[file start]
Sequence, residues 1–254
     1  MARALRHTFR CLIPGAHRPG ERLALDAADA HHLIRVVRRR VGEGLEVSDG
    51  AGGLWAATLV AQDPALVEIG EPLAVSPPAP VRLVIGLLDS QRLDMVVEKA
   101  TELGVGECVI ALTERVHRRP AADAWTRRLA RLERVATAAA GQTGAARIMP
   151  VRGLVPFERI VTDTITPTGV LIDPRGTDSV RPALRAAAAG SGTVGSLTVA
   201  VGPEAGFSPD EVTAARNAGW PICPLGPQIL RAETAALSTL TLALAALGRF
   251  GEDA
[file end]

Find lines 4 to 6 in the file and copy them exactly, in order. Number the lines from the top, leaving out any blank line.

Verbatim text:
   101  TELGVGECVI ALTERVHRRP AADAWTRRLA RLERVATAAA GQTGAARIMP
   151  VRGLVPFERI VTDTITPTGV LIDPRGTDSV RPALRAAAAG SGTVGSLTVA
   201  VGPEAGFSPD EVTAARNAGW PICPLGPQIL RAETAALSTL TLALAALGRF